The beginnings of blogging was a time not unlike today: Plaid was in style, a beloved rock star had passed, and the Internet () was just gaining momentum on college campuses. In 1994, then Swarthmore College student Justin Hall started an online diary called Justin’s Links from the Underground. The site, which first started as a guide to the web, soon became an account of Hall’s life, and earned him the surely coveted title of pioneer blogger. Three years later, Jorn Barger would coin the term “weblog,” and it’s short form, “blog,” was later coined by Peter Merholz.
Today, the web is comprised of millions of blogs covering every topic imaginable. Here is short history of some of the medium’s most popular platforms.
1. Open Diary
Founded in 1998 by Bruce Ableson, Open Diary was the first website that brought online journal keepers together as a community, as users had the ability to read each other’s journals and leave comments on them. To date, the site has hosted more than five million diaries since launch, with more than half a million diaries currently being used.
2. Live Journal
Live Journal was launched in April 1999 by Danga Interactive’s Brad Fitzpatrick. It was one of the first free blogging platforms and online communities. For the first few years, the service was by invitation only but eventually became accessible to everyone.
What started as a fun project — a way for Fitzpatrick to keep up with his old high school friends in pre-Facebook () days — soon became too big for one person, and Live Journal began hiring their first team.
Similar to MySpace (), Xanga started off in 1999 as a social networking site frequented by teens. One year later, Xanga added blogging capabilities. The platform offers users the option of giving “eProps” to show love for a particular post. The site has an estimated 40 million users (though I’ve yet to meet anyone who uses it), and is the 1,438th most visited site in the world.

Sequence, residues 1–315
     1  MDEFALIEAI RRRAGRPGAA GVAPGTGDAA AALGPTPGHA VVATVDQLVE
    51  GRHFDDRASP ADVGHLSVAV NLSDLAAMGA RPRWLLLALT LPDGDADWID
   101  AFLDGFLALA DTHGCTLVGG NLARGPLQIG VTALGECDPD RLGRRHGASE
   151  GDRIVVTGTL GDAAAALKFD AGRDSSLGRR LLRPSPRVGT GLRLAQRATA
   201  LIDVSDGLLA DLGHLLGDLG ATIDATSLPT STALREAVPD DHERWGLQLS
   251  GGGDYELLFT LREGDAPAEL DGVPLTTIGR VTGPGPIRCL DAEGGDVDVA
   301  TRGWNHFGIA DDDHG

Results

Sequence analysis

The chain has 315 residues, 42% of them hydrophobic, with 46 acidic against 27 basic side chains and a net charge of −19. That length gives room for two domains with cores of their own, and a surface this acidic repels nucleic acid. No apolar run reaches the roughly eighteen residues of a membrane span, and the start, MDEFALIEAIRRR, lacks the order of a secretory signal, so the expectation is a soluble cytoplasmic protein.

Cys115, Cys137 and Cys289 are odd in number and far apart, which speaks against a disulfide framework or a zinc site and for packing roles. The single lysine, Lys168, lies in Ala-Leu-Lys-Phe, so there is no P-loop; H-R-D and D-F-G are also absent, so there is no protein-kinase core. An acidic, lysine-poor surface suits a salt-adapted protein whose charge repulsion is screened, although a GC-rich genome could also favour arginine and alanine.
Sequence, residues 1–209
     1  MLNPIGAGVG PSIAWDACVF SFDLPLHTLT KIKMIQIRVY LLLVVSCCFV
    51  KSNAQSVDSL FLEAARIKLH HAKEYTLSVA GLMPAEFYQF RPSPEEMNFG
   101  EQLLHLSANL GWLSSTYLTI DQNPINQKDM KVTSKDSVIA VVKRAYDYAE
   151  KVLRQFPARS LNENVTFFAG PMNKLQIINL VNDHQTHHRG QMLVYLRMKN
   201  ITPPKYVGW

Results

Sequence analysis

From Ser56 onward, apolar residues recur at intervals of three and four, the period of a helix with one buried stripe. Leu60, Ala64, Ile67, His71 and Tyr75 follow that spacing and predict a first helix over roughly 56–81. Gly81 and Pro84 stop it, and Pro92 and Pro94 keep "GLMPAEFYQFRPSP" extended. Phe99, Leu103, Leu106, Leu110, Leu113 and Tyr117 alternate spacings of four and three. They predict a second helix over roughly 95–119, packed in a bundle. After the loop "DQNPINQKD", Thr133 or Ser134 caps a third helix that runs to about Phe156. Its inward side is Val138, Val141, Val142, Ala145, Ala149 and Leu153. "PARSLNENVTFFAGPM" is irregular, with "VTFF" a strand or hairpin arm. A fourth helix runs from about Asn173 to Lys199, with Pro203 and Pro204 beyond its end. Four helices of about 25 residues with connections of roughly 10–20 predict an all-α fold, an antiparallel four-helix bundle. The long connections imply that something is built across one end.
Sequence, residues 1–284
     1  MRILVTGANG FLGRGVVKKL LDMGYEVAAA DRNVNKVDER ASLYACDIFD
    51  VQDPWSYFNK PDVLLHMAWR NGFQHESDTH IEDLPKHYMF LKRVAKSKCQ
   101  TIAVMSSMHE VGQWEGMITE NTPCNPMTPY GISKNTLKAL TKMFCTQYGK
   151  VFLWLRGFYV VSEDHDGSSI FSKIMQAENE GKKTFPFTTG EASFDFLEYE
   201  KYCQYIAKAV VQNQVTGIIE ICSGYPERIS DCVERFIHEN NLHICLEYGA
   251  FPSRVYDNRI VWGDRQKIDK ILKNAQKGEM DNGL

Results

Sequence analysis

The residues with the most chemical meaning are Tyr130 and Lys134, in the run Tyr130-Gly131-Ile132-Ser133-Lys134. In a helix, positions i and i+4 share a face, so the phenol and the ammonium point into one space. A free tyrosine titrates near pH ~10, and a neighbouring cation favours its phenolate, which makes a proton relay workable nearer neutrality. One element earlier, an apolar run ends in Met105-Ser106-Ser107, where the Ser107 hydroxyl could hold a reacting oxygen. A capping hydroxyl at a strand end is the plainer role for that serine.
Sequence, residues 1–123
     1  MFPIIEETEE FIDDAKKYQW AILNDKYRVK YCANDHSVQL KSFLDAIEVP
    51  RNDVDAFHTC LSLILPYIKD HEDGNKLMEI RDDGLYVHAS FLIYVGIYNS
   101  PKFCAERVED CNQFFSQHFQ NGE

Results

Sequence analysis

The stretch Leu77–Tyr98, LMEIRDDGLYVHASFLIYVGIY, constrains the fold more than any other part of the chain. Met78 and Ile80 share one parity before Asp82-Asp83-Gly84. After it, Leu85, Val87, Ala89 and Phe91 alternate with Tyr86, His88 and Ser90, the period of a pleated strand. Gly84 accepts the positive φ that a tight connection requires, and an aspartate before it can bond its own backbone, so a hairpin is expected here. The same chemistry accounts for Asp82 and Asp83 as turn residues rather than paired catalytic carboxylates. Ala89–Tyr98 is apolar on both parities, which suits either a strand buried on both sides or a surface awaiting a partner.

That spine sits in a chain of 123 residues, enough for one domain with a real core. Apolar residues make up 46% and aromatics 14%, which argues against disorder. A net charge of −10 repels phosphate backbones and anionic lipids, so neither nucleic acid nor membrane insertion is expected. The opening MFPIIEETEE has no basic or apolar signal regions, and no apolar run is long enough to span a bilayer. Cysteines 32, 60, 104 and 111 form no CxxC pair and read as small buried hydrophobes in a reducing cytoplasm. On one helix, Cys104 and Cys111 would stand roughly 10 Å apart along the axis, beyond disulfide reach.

Blogger was created by San Francisco company Pyra Labs in 1999. Created on a “whim” according to the site, Blogger took off, gaining in popularity. The site was bought by Google () in 2003, and the platform subsequently saw the integration of Picasa () and Hello.
5. Dead Journal
Based on the same open source code as Live Journal but with a darker theme, Dead Journal was created by Frank Precissi in 2001, and became a place for Goths and emo kids to write their dark, angsty thoughts. The site actually touts itself as a place “where you find the journals that nobody else wants to see, or even host,” and that they “love pissed off people, if you’re a pissed off person who hates incompetence, please sign up now!” With only 500,000 accounts, it’s surprising that every netizen isn’t a member.
Launched in 2003, TypePad comes from Live Journal’s buyer, Six Apart. TypePad is based on Movable Type’s platform with the two sharing the same templates, technology and APIs. TypePad was Six Apart’s platform for the non-technical blogger. Unlike most blogging sites, TypePad isn’t free, but users do get their own .com domain names.
“WordPress was born out of a desire for an elegant, well-architectured personal publishing system built on PHP () and MySQL and licensed under the GPL,” according to the site. It launched in 2003 as a joint creation between Matt Mullenweg and Mike Little as the successor to Michel Valdrighi’s b2/cafelog blogging site. Today, WordPress is the most popular blogging platform with 54,283 of the top million sites on the Internet using it, including Mashable ().
MySpace launched in 2003 ready to take on Friendster () as the social network of the day. Created by Brad Greenspan, Chris DeWolfe and Tom Anderson, the site was similar to how it looks today; hosting full profiles and very basic blogging options. Today, according to MySpace, there are 225,747,687 blogs on the site.
Created by wunderkind David Karp in 2007, Tumblr is a recent addition to the blogosphere. Users are able to easily upload photos, text, images, video and conversation to the site for short, quick posts or lengthier ones. The site emphasizes its ease of use and encourages sharing by allowing users to “re-blog” posts they loved. With more than 6 million blogs, The New York Times (strangely) called it, “Facebook and Twitter ()’s new rival.”